Dealing with existential anxiety in exercise-based cardiac rehabilitation: a phenomenological-hermeneutic study of patients' lived experiences

Charlotte Simonÿ, Birthe D. Pedersen, Pia Dreyer, Regner Birkelund

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Aims and objectives: To investigate patients' lived experiences of exercise-based cardiac rehabilitation. Background: Exercise-based cardiac rehabilitation is used to enable patients with cardiac problems to move forward to lead satisfying lives. However, knowledge of patients' concerns while they follow the current programmes is sparse. Design: This study, which included nine men and two women with unstable angina pectoris and non-ST-elevation myocardial infarction, used a phenomenological-hermeneutic approach. Methods: The patients were followed by field observations during exercise-based cardiac rehabilitation. Focus group interviews were conducted at the programme end, and individual interviews were performed one to two months later. The interpretation comprised three methodological steps: naïve reading, structural analysis, and comprehensive interpretation and discussion. Findings: Although both physically and psychologically challenged, the patients were encouraged to maintain an active lifestyle. Three themes were identified: anxiety regarding exercise, whereby the patients are initially insecure about how to behave with their diseased hearts; encouragement from training together, whereby the patients support each other in exercising; and growing confidence in the heart, whereby the patients enjoy being physically active. Conclusions: In exercise-based cardiac rehabilitation, patients' insecurity with respect to their heart disease is revealed as an existential anxiety. Through peer support and a positive physical perception, the patients gain renewed self-efficacy, helping them to continue their lives in an active and satisfying way. Relevance to clinical practice: Knowing that patients are confronted with an existential anxiety during exercise-based cardiac rehabilitation is important because it requires specific care. Recognising this anxiety also highlights how participating in the programme can be very demanding, which can help us understand aspects of adherence problems. Of greatest importance is that exercise-based cardiac rehabilitation enables patients to find a new foothold, which comprises enjoying being physically active.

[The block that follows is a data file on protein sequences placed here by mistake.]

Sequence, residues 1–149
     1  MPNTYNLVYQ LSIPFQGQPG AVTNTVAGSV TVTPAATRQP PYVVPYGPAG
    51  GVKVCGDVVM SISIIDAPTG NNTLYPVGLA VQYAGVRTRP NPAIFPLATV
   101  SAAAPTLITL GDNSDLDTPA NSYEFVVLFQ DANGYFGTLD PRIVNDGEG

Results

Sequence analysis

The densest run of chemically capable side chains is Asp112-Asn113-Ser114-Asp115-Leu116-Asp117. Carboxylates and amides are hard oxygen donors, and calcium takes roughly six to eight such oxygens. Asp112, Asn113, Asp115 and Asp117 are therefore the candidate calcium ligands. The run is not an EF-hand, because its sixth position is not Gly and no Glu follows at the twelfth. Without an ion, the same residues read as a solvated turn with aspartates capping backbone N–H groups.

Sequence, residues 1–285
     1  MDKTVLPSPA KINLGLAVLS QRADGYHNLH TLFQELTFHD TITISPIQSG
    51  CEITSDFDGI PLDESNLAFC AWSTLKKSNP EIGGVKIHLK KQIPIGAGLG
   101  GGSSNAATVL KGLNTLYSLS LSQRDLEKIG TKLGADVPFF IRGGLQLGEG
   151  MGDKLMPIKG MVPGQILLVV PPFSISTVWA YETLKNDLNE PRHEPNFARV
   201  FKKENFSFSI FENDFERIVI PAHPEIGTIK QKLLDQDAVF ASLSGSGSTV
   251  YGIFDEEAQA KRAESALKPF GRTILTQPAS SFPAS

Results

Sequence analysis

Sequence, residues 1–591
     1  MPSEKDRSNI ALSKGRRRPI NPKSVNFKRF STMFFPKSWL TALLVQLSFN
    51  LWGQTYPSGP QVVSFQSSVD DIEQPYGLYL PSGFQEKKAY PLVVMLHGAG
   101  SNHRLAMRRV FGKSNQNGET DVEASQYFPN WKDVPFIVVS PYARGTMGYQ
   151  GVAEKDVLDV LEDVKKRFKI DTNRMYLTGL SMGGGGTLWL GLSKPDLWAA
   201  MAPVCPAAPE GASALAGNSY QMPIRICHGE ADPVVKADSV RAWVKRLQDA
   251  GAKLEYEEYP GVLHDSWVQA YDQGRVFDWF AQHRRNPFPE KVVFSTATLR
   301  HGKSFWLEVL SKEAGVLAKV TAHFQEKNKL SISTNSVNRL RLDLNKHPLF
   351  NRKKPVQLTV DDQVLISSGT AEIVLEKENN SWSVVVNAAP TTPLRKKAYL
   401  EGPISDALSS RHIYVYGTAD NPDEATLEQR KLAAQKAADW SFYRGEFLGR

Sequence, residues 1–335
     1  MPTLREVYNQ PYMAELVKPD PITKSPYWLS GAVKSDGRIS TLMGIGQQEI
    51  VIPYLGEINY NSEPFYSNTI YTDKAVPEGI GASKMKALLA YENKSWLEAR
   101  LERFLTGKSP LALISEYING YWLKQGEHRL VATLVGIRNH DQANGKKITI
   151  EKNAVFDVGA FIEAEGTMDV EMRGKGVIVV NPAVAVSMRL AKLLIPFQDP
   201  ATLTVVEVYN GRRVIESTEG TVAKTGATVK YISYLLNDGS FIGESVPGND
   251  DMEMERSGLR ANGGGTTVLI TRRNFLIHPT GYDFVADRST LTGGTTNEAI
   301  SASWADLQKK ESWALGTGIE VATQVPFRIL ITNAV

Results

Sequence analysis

TidsskriftJournal of Clinical Nursing
Udgave nummer17-18
Sider (fra-til)2581-2590
StatusUdgivet - sep. 2015


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